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Greg Smith: Founder Of Canadian Tech Startup Thinkific Explains How They Used MVPs To Build A Hugely Successful Subscription Software Company

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One of the hottest business models in the tech startup world is anything with a recurring subscription business model, especially if it’s software based.

Another hot online business model for talented individuals who want to make money from their knowledge, is to create an online course. I’ve made the bulk of my income in the last ten years from selling my own courses, so I know how amazing it can be.

This is why I was so excited to get the opportunity to interview Greg Smith, the Canadian founder of Thinkific, a tech startup that offers course creators a ‘build it yourself’ online platform for creating and selling online courses.

Greg and his brother launched the company initially with a much more hands-on approach (it was more like an agency service to begin with), and then slowly built out a software service.

Today they offer a free and premium version of their platform, earning millions in recurring subscription revenue, employing over 70 full-time employees in Vancouver, all working to help people from around the world to deliver courses online.

Greg Smith and Matt Smith – Co-founders of Thinkific

It All Started With Marbles…

Greg and I traveled back in time to his first business venture as an 11-year old. He built a marble ‘theme park’ and invited the neighborhood kids to come over and play, and then sold them candy he bulk purchased.

This was the first business project in a long line of entrepreneurial ventures Greg undertook as a young man, right up to the point where he graduated from university and became a lawyer.

While Greg was studying law, he created a blog to share lessons on how to pass the LSAT — the big test students need to pass in order to get into Law school.

He then created his first online course, also on the LSAT. It was very early days for selling courses back then, so Greg couldn’t find any good platforms to help, so he hired a programmer to whip up something basic within a month. That was 13 years ago, and his LSAT course is still selling online today!

Needless to say, the germ of the Thinkific business came from this first experience selling his own online course, but Greg would not begin his tech startup for many years yet. First, he had a career as a lawyer.

Although Greg loved working as a lawyer, he couldn’t fight the urge to build something of his own, and eventually left his job to start a business.

Greg explains how he made the decision to move back in with his parents to save money, and with his computer engineer brother as his partner, started the first version of what would become Thinkific.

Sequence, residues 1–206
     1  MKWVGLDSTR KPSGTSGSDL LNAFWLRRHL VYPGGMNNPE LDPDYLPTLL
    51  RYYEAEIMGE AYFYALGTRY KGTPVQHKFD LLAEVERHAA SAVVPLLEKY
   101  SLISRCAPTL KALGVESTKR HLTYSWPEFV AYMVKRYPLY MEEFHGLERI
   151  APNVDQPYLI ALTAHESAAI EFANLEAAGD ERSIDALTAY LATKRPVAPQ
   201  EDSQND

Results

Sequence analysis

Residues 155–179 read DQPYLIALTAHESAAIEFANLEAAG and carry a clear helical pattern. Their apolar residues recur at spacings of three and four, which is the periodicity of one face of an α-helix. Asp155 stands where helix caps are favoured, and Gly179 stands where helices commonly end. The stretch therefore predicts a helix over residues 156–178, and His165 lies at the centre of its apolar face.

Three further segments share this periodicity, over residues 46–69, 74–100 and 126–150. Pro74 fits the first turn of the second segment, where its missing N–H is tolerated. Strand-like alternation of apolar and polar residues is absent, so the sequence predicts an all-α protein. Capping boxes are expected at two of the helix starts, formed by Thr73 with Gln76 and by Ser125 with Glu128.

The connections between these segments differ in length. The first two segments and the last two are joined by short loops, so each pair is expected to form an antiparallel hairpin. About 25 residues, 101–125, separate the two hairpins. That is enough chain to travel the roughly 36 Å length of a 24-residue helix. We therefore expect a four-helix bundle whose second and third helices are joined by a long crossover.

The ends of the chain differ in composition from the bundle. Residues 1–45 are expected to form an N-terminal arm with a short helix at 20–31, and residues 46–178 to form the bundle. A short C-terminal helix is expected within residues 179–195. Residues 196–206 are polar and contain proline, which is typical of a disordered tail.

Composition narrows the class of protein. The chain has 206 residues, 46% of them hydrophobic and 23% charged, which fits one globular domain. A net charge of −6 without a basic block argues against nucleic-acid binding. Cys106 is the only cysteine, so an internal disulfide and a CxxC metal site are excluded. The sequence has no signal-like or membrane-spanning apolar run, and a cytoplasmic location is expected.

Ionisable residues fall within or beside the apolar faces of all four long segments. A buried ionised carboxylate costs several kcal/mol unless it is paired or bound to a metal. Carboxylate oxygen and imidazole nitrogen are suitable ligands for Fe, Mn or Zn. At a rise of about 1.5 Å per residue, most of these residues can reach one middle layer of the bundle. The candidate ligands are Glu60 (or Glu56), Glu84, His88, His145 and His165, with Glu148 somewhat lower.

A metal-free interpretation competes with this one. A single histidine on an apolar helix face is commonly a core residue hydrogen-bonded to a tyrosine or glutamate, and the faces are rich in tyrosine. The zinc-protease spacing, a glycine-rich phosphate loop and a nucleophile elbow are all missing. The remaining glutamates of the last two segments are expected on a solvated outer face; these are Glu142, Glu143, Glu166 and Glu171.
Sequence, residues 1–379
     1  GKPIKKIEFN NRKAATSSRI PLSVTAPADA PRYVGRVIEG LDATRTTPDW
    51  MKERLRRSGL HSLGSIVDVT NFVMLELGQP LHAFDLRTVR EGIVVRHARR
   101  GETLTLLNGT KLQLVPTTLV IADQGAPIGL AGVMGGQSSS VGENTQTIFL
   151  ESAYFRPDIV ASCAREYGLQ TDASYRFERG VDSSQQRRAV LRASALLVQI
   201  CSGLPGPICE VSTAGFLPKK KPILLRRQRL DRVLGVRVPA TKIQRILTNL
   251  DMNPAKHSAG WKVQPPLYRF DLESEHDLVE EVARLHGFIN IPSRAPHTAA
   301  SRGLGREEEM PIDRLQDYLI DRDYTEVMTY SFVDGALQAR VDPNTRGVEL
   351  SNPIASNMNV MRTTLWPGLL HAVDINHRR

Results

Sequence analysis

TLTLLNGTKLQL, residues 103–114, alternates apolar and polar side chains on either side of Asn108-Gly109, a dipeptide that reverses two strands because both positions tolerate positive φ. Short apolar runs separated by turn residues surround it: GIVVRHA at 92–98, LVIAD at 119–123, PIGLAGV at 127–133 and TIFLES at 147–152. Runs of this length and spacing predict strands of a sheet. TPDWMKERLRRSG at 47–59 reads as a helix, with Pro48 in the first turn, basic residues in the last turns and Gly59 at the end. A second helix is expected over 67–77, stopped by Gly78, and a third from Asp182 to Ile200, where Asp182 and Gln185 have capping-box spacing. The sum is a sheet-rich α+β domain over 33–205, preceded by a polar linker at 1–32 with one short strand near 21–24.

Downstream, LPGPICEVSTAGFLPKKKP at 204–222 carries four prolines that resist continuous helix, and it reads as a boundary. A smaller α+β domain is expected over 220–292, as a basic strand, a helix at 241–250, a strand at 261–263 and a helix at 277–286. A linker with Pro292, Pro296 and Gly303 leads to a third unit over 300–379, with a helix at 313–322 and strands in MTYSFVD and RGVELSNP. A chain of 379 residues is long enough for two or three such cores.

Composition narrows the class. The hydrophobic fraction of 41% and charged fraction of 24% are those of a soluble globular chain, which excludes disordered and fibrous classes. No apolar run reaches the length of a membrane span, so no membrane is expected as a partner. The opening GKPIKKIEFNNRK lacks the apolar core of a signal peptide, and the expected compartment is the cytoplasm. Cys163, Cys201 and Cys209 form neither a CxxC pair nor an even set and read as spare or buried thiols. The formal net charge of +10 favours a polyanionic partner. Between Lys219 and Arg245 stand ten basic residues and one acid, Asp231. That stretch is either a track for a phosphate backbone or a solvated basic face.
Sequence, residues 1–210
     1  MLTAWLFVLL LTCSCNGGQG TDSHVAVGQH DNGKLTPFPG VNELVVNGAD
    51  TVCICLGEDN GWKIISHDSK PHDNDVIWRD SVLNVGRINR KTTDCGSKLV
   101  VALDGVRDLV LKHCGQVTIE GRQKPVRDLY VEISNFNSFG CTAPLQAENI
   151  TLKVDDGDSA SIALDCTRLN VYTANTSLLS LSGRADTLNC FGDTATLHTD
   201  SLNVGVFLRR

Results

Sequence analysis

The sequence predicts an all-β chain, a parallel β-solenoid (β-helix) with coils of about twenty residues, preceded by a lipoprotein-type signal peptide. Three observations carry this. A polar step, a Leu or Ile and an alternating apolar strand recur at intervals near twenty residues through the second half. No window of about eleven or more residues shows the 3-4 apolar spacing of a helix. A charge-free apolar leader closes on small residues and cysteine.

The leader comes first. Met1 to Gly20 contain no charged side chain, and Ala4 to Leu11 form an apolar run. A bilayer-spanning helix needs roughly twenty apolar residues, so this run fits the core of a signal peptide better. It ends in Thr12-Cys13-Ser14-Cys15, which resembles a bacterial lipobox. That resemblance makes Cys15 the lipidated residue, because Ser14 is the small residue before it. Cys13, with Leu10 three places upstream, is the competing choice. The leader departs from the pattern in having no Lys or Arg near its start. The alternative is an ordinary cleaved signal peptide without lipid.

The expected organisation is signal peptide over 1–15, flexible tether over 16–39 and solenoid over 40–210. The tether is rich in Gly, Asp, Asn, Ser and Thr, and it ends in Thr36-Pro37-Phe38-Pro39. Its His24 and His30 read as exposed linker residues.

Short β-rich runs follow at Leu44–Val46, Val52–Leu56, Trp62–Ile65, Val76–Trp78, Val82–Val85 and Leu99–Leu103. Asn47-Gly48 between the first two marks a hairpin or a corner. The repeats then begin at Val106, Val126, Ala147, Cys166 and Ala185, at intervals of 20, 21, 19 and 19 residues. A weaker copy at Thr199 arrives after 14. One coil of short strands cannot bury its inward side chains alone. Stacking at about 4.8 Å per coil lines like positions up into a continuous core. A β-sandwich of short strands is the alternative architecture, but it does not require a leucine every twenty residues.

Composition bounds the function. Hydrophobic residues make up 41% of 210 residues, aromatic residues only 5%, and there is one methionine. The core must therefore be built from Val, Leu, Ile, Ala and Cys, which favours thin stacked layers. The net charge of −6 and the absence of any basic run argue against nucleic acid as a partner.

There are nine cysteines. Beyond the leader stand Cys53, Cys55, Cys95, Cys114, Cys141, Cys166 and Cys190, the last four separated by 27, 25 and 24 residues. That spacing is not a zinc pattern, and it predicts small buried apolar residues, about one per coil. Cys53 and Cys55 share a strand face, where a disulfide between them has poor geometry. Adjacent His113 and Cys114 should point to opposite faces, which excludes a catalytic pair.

Greg Smith from Thinkific on EJ Podcast

Growing A Tech Startup

I was particularly interested to learn how Thinkific grew into the company it is today, so we spent much of the second half of the interview diving deep into the journey of a software startup.

Greg talks about how they initially sold a much more hands-on service, how they decided who to hire first as they grew their team eventually to 70+ people (and still growing!), and why it eventually became clear they needed to build a platform to service their ideal customer.

If you’re interested in starting your own SAAS or subscription-based tech startup, I think you will find a lot of what Greg did with Thinkific during the early days very insightful.

Enjoy the interview,

EJ Podcast

Topics Greg Covers In This Podcast

  • His series of small business ventures while studying at university
  • How he maintained his relationship with his now wife during the early days of Thinkific, despite not having any income
  • His first experience creating an online course about the Law School Admission Test (LSAT) over 10 years ago, which still generates him revenue today!
  • What a false positive in business is
  • The hiring process at Thinkific and how he gets quality people on his team
  • Why he decided to bring investors and venture funding despite not needing the money for his company
  • The problem with taking a cut of people’s revenue as part of the business model
  • His advice for early-stage tech startup founders

Relevant Links

[ Download MP3 | Transcript | iTunes | Soundcloud | Raw RSS ]

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